The underlying racist prejudice somehow solidified as Christians gradually allowed themselves a more hands-on role in the expansion of capitalism. 

The actor John Cusack once tweeted a noxious anti-semitic meme with the added imperative 'Follow the Money'. Yet in the USA if you do decide to embark upon that particular trail towards monied minorities, it is Hindus not Jews that you will find in greatest abundance: both the most remunerated and high net worthy of American sub-identities. Meanwhile more than half of the millionaires on a global level are Christian. 

And even then, Baddiel feels impelled to add...
This is very un-Marxist of me – fuck off about money. Because money doesn’t protect you from racism. As I say, some Jews are rich. My grandparents were: they were industrialists in East Prussia. They owned a brick factory. They had servants. By the time they were fleeing to England with my mother as a baby in 1939, however, that had all been robbed from them. And by the end of the war, most of their family – and therefore a large section of mine – had been murdered. It doesn’t matter how rich you are, because the racists will smash in the door of your big house that they know you don’t deserve anyway and only own because you’re Jews.
There's a lucid chapter on the way Israel is used by many on the left to silence any Jewish misgivings about the way their opinions tend to fare in British political discourse, and he pinpoints the way Godwin's Law is being used to slap down any Jew who might dare to mention ze vor. And this when there's really nobody else more inherently entitled to bring the Nazis into an argument. 

Baddiel highlights another telling omission that I spotted and was duly irked by recently in Jojo Rabbit...
Jews remains the only minority – and now we’re talking beyond ethnic, to include disabled, trans, autistic and many other categories – where you don’t have to cast the actor in line with the real thing. 
Later on he seems to be gently mocking former ITV sports presenter Jim Rosenthal and his son Tom for somewhat aggressively asserting their non-Jewishness. This did make me chuckle, because Marcus in Plebs is one of the most thoroughly Jewish characters in contemporary British comedy. 

On a separate note, it once bothered V that Jim Rosenthal always used to appear on ITV's Formula One show with his top button done up and eventually went so far as to dispatch an email to the channel about this rather pressing matter.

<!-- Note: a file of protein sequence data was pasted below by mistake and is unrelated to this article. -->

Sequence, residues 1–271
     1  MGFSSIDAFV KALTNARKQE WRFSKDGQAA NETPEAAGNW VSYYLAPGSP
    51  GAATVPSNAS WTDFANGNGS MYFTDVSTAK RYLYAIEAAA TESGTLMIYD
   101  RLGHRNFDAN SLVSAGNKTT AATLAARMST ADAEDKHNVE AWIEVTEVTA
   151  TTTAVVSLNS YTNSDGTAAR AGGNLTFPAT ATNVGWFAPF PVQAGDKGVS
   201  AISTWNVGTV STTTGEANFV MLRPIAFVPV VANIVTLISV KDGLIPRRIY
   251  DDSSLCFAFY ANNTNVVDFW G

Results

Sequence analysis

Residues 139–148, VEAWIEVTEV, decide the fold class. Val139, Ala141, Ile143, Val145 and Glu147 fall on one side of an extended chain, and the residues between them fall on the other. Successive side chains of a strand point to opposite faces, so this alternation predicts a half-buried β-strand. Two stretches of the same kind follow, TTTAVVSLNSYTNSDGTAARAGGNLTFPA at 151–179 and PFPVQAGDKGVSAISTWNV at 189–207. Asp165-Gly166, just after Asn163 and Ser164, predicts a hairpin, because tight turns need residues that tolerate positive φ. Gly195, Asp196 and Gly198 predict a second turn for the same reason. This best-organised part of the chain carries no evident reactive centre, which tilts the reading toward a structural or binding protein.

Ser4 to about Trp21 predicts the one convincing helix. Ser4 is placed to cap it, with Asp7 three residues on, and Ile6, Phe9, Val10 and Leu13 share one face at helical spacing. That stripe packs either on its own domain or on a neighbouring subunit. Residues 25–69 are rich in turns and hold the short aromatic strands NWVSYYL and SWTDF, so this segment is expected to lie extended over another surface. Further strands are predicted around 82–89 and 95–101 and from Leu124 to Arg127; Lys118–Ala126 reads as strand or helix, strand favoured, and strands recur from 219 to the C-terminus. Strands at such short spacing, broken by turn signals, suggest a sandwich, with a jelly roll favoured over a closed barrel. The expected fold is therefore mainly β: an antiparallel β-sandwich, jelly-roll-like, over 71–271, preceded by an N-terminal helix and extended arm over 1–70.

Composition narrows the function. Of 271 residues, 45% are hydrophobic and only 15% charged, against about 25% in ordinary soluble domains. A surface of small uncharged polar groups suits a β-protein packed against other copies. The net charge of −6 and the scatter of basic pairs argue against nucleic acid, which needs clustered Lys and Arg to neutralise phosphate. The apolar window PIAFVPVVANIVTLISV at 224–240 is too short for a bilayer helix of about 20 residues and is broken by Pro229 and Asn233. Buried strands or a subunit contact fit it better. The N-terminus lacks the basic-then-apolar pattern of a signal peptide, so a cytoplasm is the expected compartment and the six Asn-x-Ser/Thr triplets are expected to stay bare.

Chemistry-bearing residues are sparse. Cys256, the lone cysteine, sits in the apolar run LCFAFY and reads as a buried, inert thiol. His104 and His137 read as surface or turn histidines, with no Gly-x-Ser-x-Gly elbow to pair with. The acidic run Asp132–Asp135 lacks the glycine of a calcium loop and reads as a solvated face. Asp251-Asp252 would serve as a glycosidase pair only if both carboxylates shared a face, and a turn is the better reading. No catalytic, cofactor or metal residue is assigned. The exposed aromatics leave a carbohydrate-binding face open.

Shortly afterwards, he stopped doing it. Nowadays if you google him, there's only one image returned that suggests this was ever a thing.

Tuesday, May 04, 2021

Voyagers (2021)

Lord of the Flies Lite, in space...with added girls. 

That would have been the elevator pitch I suppose. In a way it is also a less chin-scratchy version of High Life from Claire Denis, and on that level at least, contrastingly more entertaining. 

Both films utterly fail to convince the viewer that the action is actually taking place in deep space or provide any clues to the internal layout of their respective vessels. 

Here we get a lot of 70s Doctor Who-style running around in rather bland spaceship corridors. It's not just the setting (and production design) that are a bit flimsy, but the entire premise comes pre-perforated. 

And yet, as I said, it is kind of fun, not least as an introduction to a subset of the young stars of tomorrow, including the daughter of Vanessa Paradis, Lily-Rose Depp, plus there is fine turn from Fionn Whitehead as bad apple-in-chief. 

It's been compared to a GAP advert (there are more prime colours in the poster than ever we see on board), but overall this is no advertisement for genetic engineering. 

Sunday, May 02, 2021


There’s a story circulating today in which it is alleged that Guatemala does not appear on the official Russian register of countries it is assisting via distribution of Sputnik V and that a substantial amount of the monies apparently paid for that vaccine by the government here were transferred to a broker with a Russian name who is now not answering his calls. 

Instinct and experience tell me that this story is almost too juicy to be true. 

Yet they also tell me that this individual need not be Russian at all, and could well be in the employ of another state actor — of the sort that might have a vested interest in undermining Putin’s vaccine diplomacy in the region and might also not mind at all if the population of Guatemala were to remain un-protected in a manner that would make migration policy decisions politically more easy to enforce in the medium term. That's how I'd write it up as an espionage thriller anyway. 

In the same way there were those taking advantage of 9-11 or Brexit for reasons that had little much to do with the prevailing terror threat the UK’s relationship with the EU, there will be those with plans already in place to leverage the pandemic for purely political ends. 

In the UK for example, such people will know well that ‘protect the NHS’ is a mantra that will achieve a broad mandate for state action that might otherwise not appeal to the majority.

Things Heard & Seen (2021)

There's way too much sub-plot and sub-character in this story for a genre movie. 

The adaptors of the book by Shari Springer Berman (possibly including the novelist herself) had to be more ruthless — and then the producers needed to understand that the problem could not be solved just by hiring more familiar actors and extending the running time. It's a classic Netflix error really. 

This movie wants to be more than just a run-of-the-mill genre flick, but it just doesn't have the space to explore some of the metaphysical and artistic themes that are tossed in, nor do we ever really learn the relevance of one character's eating disorder etc.